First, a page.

From the TED-Ed series, Anita Collins on "How Playing an Instrument Benefits Your Brain." Animation by Sharon Colman Graham.

Recently, there have been some wonderful videos on social media that illustrate the benefits of music in our lives. This one from TED-Ed is especially good.

It so effectively explains recent neuroscience research and proof of the dynamic relationship between cognitive function and musical activity.

The research is particularly compelling because it confirms what philosophers and educators have told us for thousands of years. Indeed, the volume of writing on music and its connection to neuroscience, psychoanalysis, human development and even healing is staggering. In the end, though, today’s research is telling us what we already knew:

Music is unique and essential.

“Music gives a soul to the universe, wings to the mind, flight to the imagination 
and life to everything.” – Plato

Unique

There is nothing else like music to express and represent human feeling. Though we may try, explaining how one feels using words is ultimately an exercise in futility. Language may have the ability to describe the physical world around us and convey ideas, but it simply does not have the capacity to describe our subjective experiences.

“Music sounds the way feelings feel.” – Dr. Suzanne Langer (1957)

As you can see in the videos, contemporary neurological research is uncovering in the most spectacular ways just how unique musical activity is within the brain, and that’s when we begin to realize just how essential musical activity is in our lives.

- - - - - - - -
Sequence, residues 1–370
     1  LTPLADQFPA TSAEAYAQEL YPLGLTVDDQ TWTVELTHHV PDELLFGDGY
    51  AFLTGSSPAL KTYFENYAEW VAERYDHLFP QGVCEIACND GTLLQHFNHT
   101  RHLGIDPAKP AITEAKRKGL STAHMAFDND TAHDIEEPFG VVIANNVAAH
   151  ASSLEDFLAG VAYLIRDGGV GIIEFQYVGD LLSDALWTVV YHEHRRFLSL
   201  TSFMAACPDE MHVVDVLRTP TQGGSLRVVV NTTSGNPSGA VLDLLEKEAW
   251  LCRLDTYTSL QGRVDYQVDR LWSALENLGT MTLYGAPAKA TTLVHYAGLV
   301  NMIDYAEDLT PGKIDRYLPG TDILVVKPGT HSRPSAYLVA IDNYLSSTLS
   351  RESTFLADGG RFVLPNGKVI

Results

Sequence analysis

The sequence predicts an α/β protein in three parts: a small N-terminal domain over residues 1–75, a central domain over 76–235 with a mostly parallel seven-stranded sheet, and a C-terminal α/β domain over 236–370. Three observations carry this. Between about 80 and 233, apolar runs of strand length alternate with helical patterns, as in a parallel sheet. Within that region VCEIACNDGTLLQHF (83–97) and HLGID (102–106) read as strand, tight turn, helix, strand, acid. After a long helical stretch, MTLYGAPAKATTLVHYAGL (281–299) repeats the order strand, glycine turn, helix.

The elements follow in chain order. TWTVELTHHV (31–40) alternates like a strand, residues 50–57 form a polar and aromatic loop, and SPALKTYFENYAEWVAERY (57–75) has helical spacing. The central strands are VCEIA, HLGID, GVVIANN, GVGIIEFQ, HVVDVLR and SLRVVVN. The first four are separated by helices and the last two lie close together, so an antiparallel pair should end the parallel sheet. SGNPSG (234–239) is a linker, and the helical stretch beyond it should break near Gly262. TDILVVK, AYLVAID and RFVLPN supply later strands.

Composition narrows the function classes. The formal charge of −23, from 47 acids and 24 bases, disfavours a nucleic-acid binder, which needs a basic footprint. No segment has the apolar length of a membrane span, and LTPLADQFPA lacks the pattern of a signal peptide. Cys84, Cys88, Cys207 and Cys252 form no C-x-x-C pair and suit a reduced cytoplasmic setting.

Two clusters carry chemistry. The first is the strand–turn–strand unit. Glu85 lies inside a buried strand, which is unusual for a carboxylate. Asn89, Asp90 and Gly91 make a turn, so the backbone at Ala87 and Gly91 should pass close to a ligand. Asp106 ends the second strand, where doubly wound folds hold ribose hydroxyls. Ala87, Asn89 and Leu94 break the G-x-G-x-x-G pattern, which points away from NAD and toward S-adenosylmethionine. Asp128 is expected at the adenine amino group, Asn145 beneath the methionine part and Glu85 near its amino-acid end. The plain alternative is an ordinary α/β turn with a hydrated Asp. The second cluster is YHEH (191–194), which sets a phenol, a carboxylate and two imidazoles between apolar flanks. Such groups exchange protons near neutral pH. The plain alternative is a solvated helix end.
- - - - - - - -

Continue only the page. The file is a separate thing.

Essential

“Creating art, and experiencing art, do precisely and exactly for feeling what writing and reading do for reasoning.” – Dr. Bennett Reimer (1989)

One of the most influential passages for me in Dr. Reimer’s book, “A Philosophy of Music Education, Second Edition” (which I studied for my master’s degree in music education) is this:

“The fluid nature of inner feelings simply cannot be entirely controlled by the very act of feeling inwardly.

What we need, to go beyond the dynamic flux of inner subjectivity, is some device to hold on to a feeling so it cannot wash away; a means to give it permanent embodiment. We need to objectify it, that is, make it into an object so that it stays as it is. So what can we do? You guessed it: we can capture it in artistic materials…

We [can] transform an entirely inner process into an outer artistic/symbolic system that so closely corresponds to the form and shape and dynamic interrelations that previously existed only inwardly as to seem to us to be identical with what transpired within us. This capacity for symbolic transformation may be the most important distinguishing characteristic of the creature we call human.

Creating art and experiencing art educate feeling.”

Reimer’s book (now in its third edition, through which I have led many music education students of my own) continues to inspire me as a musician and teacher, and it is wonderful to see so much clinical research confirming his and so many other philosophers’ theories.

Music is intrinsically valuable. Yes, involvement in music makes kids better at math, playing in orchestra or singing in choir makes them better team players. But those things can be accomplished other ways.

What music does for us can only be done through music.

Music is unique. And essential.